If you do not belong to a union, you are entitled to a written Individual Employment Agreement. What do you do if your employer hasn’t given you one? It is natural to think you have no protection but actually you do by way of the Employment Relations Act 2000 and Holidays Act 2003. Your employer is still required by law to provide minimum terms and conditions (including common entitlements such as 10 days paid sick leave after 6 months) and these must be met irrespective of having a written Agreement.

Dispute Resolution

Dispute resolution is a proven and highly effective way of managing conflict and resolving disputes between different parties. Disputes resolution essentially gives people an alternative to litigation and having their dispute decided by a Court. Disputes resolution invariably requires a trained neutral third party such as a lawyer or some other specialist.

Although there are numerous methods of alternative disputes resolutions, our guide covers the three main ones that are commonly used in New Zealand: negotiation, mediation and arbitration.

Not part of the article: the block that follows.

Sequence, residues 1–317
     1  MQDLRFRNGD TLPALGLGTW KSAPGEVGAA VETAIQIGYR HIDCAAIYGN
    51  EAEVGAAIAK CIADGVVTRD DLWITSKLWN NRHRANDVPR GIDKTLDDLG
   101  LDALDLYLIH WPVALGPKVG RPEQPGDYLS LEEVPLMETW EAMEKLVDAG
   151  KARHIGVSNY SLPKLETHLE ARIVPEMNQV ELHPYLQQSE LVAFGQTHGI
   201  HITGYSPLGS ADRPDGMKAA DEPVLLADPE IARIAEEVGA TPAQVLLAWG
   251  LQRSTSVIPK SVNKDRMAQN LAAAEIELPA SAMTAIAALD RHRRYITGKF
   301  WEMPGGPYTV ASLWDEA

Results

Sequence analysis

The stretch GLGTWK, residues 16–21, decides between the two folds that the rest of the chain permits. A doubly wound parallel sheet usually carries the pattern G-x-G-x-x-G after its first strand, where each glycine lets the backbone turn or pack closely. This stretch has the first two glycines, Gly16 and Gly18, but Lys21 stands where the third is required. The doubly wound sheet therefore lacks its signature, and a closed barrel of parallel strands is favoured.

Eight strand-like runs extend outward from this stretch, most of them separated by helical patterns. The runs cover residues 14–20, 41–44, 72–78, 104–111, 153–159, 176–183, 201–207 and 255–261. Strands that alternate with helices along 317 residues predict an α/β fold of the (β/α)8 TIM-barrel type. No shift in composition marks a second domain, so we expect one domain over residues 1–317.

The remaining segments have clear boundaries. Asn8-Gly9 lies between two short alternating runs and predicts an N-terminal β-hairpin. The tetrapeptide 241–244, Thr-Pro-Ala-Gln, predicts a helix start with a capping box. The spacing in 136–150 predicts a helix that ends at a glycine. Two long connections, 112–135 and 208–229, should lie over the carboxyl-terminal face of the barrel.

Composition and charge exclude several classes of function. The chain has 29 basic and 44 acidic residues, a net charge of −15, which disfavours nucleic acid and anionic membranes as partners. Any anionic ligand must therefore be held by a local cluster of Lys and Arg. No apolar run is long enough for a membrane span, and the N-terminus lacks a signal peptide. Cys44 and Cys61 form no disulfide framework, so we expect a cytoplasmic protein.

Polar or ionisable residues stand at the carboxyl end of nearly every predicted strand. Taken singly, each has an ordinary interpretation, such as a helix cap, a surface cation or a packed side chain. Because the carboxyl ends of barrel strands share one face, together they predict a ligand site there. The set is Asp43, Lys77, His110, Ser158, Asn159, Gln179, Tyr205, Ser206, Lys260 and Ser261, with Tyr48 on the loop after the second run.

A little bit of advice…

Convincing clients to mediate can be difficult – particularly if the client is angry or personally affronted by their opponent’s conduct or actions. Some clients feel that agreeing to mediate is in some way an admission of guilt or capitulation. This is not correct and if both parties display a genuine desire to settle the dispute, it can be extremely effective and far cheaper than going down the track of litigation.

The simplest way for disputing parties to sort out issues is to negotiate a satisfactory solution themselves. Negotiation is a process of communication in which parties or their representatives work to reach agreement. This type of disputes resolution may not settle or resolve the dispute, but it is generally the first step taken toward achieving a resolution.

Mediation is a confidential and consensual dispute resolution process in which an independent and impartial mediator facilitates negotiation between the parties to assist them to resolve their dispute. Neither the parties nor the mediator are limited by rules of evidence.